Chris McDermott
Personal information
Nickname(s) Bone
Date of birth (1963-11-04) 4 November 1963 (age 58)[1][2]
Original team(s) Glenelg (SANFL)
Draft No. 21, 1981 interstate draft
No. 2, 1987 national draft
Height 182 cm (6 ft 0 in)
Weight 92 kg (203 lb)
Playing career1
Years Club Games (Goals)
1981–1996 Glenelg 227 (154)[3]
1991–1996 Adelaide 117 (25)
1997 North Adelaide 10 (0)
Total 354 (179)
Representative team honours
Years Team Games (Goals)
South Australia 14
Coaching career
Years Club Games (W–L–D)
1997–2000 North Adelaide
1 Playing statistics correct to the end of 1997.
Career highlights



Sources: AFL Tables,

Christopher Stephen McDermott [4] (born 4 November 1963) is a former professional Australian rules footballer who played for the Adelaide Football Club in the Australian Football League (AFL), and the Glenelg Football Club and North Adelaide Football Club in the South Australian National Football League (SANFL).

He was an inaugural inductee into the South Australian Football Hall of Fame in 2002.[5]

Playing career

He was initially signed by the VFL team Fitzroy in 1981,[2] but stayed in the SANFL with Glenelg after the South Australian player retention scheme was developed to pay top players to remain in South Australia.[6]

He was also chased by Carlton,[2] and eventually drafted by Brisbane in 1986,[7] but still did not make his VFL debut. He ultimately played 227 premiership games and 49 pre-season/night series matches for Glenelg.

In 1990, with talks of Port Adelaide becoming the South Australian team in the national competition, that McDermott looked to Victoria for another club. However, when it became clear that the Adelaide Crows were going to be South Australia's entry into the AFL, he remained in his home state and became the inaugural captain of the Crows.[2]

McDermott is commonly referred to as "Bone",[2] a nickname referring to the damage done to his nose due to excessive facial trauma experienced whilst playing in both the SANFL and AFL.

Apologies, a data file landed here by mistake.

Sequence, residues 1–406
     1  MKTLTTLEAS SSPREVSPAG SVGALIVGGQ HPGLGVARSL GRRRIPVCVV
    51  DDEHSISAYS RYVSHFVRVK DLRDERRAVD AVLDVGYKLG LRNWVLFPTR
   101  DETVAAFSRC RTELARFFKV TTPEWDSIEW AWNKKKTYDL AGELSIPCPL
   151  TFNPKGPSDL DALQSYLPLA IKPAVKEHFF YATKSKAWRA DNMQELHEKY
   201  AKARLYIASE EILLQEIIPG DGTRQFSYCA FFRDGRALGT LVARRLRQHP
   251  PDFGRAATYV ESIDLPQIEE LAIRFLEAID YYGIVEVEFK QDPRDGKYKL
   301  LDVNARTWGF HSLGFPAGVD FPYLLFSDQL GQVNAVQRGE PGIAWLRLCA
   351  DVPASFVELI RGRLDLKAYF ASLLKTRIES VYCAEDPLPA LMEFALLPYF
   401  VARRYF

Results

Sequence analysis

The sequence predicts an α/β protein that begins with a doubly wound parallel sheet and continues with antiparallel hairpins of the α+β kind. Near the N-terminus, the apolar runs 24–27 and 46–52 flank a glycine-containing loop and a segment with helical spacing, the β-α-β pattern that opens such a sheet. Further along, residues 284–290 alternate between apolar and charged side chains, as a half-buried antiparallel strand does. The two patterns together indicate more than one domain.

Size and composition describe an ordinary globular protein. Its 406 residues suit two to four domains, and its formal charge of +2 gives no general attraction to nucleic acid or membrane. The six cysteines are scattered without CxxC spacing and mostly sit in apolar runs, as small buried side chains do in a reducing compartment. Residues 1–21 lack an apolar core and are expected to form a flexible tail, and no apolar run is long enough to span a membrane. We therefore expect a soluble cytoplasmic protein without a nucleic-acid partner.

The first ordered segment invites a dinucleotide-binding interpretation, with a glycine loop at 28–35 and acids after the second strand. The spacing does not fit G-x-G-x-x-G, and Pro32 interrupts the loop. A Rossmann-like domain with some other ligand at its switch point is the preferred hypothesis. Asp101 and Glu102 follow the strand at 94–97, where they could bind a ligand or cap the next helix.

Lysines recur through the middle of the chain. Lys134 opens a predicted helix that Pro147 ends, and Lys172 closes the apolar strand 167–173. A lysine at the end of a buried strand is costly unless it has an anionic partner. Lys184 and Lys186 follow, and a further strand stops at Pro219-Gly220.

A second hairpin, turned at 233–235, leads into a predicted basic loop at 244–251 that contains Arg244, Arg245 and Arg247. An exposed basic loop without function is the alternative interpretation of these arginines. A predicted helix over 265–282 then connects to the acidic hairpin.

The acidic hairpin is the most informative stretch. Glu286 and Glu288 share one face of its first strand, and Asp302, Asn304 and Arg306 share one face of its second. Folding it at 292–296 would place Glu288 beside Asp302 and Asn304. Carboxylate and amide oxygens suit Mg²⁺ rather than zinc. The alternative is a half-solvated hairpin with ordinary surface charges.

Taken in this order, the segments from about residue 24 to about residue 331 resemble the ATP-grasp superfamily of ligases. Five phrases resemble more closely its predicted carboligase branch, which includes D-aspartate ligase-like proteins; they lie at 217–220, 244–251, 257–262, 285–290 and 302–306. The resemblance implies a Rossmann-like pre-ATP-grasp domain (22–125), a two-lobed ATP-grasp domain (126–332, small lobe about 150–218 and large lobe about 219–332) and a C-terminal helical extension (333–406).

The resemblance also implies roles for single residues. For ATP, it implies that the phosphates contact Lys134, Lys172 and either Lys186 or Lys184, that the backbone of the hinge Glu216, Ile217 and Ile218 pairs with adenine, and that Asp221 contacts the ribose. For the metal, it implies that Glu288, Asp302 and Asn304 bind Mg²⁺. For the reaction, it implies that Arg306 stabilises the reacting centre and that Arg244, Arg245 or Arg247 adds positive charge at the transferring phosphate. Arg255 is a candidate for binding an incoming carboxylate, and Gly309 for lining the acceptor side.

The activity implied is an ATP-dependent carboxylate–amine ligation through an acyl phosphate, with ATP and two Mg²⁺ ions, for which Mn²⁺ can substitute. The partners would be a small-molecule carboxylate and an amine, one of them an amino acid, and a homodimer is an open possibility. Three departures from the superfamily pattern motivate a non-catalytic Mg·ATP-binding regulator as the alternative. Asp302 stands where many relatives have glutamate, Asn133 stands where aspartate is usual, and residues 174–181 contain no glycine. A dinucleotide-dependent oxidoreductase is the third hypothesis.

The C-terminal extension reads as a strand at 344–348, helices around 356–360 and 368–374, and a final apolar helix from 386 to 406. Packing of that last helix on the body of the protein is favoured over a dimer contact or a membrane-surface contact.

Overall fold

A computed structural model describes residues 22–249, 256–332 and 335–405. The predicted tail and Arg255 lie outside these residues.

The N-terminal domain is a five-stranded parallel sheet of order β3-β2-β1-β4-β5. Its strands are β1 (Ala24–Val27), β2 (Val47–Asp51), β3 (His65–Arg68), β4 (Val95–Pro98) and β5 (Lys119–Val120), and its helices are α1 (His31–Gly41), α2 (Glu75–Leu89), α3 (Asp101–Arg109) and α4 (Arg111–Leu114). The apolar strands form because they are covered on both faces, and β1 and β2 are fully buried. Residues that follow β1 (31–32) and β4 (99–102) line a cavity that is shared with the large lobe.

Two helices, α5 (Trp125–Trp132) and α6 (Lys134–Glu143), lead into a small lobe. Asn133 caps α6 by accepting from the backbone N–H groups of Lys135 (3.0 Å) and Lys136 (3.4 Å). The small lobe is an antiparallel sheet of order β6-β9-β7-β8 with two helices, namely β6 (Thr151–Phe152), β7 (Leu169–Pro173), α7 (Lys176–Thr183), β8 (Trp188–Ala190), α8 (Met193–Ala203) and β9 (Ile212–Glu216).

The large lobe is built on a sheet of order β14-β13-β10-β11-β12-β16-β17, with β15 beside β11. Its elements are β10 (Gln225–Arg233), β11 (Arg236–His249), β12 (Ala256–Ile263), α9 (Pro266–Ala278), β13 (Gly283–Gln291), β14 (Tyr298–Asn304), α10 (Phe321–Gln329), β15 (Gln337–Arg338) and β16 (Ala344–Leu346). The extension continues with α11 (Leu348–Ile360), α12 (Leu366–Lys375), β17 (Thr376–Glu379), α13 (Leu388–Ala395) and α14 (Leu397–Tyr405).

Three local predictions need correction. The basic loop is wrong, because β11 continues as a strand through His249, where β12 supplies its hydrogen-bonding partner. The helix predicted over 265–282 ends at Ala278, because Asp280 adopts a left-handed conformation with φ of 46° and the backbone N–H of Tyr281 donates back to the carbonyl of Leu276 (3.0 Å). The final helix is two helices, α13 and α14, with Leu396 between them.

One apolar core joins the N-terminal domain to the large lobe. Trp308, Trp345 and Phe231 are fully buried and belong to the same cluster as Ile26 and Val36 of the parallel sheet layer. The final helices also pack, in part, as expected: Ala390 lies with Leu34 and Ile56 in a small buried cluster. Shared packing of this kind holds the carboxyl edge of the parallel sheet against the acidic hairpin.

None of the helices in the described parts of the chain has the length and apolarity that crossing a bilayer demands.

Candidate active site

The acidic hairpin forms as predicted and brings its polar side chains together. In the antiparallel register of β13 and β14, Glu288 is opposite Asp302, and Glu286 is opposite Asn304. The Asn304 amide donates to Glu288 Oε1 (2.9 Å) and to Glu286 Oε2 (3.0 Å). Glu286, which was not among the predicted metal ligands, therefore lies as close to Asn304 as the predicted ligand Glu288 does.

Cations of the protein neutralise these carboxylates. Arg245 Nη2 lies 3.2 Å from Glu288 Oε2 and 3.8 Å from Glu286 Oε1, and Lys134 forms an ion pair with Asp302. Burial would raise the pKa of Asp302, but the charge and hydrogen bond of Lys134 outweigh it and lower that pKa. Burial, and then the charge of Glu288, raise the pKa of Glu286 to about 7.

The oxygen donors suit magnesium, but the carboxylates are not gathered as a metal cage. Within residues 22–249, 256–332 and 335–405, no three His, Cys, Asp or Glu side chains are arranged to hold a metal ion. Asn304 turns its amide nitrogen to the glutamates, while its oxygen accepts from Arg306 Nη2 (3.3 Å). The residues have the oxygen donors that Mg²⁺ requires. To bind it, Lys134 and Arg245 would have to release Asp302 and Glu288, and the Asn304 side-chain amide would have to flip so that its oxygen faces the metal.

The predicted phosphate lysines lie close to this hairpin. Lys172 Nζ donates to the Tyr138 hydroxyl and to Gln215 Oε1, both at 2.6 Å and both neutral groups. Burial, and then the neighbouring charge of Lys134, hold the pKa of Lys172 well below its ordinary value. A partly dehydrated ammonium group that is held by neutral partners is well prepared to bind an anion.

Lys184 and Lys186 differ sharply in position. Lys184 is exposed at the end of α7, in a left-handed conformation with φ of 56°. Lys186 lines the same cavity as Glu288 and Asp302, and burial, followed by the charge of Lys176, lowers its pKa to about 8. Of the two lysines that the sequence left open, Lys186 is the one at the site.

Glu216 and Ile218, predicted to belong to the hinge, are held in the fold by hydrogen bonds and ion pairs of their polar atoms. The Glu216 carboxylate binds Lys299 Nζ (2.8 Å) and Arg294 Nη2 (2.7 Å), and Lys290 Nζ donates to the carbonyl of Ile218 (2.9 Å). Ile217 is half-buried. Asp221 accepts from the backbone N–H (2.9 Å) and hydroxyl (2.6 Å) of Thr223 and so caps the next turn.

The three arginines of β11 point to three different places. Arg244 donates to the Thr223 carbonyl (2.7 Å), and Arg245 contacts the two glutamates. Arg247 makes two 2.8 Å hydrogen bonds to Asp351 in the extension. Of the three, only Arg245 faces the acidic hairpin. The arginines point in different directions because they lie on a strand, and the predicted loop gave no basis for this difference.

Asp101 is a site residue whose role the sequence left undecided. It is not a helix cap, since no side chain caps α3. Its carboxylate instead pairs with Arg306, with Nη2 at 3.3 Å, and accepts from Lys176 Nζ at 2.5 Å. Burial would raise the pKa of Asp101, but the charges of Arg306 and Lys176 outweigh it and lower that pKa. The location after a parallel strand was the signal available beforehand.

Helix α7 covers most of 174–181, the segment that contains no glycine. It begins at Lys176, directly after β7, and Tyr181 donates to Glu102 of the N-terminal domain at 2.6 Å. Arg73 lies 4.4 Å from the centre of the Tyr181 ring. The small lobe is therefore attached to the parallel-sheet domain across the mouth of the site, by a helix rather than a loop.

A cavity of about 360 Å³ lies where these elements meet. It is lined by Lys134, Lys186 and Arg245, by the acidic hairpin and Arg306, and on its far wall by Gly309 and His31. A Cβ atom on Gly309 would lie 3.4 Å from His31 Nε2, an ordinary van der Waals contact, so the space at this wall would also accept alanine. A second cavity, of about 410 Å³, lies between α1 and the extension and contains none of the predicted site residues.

Coaching career

McDermott served as playing coach for North Adelaide in 1997, playing ten games for the club, and then as non-playing coach from 1998 to 2000.[2]

Other matches and records

At the time of his retirement, McDermott's career total of 354 premiership matches was ranked fourth in South Australian elite football behind Glenelg teammate Peter Carey (423), Russell Ebert (373) and longtime coach Graham Cornes (361): as of 2022, he is ranked sixth behind them, as well as Tyson Edwards and Andrew McLeod (both 363).

McDermott also played 14 State of Origin matches for South Australia and a total of 61 pre-season/night series matches, 49 for Glenelg and 12 for Adelaide (these are counted as senior by the SANFL but not the VFL/AFL). If these are included, McDermott played a total of 429 senior career games.

The VFL/AFL lists McDermott's total as 417, excluding his pre-season/night series matches for Adelaide. Depending on the viewpoint taken, his total career senior games ranks either ninth (using the AFL's total) or tenth (using his overall total) in elite Australian rules football, and ranks either third behind Carey (467) and Ebert (421) or second behind Carey in South Australian elite football.

Post football

McDermott set up the McGuinness-McDermott Foundation, which raises funds to provide oncology treatment for South Australian children, with fellow former Crows team-mate Tony McGuinness.

In July 2014 McDermott became a football and sports commentator for Adelaide talkback radio station FIVEaa and hosted the station's weekday drive-time sports show with another former Adelaide Crows player, Stephen Rowe. In November 2014 McDermott was replaced on FIVEaa by former Adelaide Crows dual premiership captain, Mark Bickley.[8]

Personal life

Australian stand up comedian and host of the Channel 10 program Good News Week, Paul McDermott is his first cousin.[2] His grandfather was Les Dayman, an inductee into the SANFL Hall of Fame.


  1. ^ Holmesby, Russell; Main, Jim (2007). The Encyclopedia Of AFL Footballers. Melbourne: BAS Publishing. ISBN 978-1-920910-78-5.
  2. ^ a b c d e f g "100 Club: Chris McDermott". Adelaide Football Club. 16 July 2012. Retrieved 17 August 2015.
  3. ^ These totals refer to premiership matches (home-and-away and finals matches) only.
  4. ^
  5. ^ "Chris S McDermott". SANFL Hall of Fame. Retrieved 1 September 2022.
  6. ^ Devaney, John (2008). The Full Points Footy Encyclopedia of Australian Football Clubs, Volume 1. Lincoln, England: Full Points Publications. ISBN 978-0-9556897-0-3.
  7. ^ Paton, Al (28 October 2013). "Draft rewind: We rewrite the top 10 of the 1986 and 1987 AFL drafts". Herald Sun. Retrieved 17 August 2015.
  8. ^ Rucci, Michelangelo (23 October 2013). "Crows premiership captain Mark Bickley replaces Adelaide's inaugural skipper Chris McDermott on FIVEaa sports show". The Advertiser. Retrieved 17 August 2015.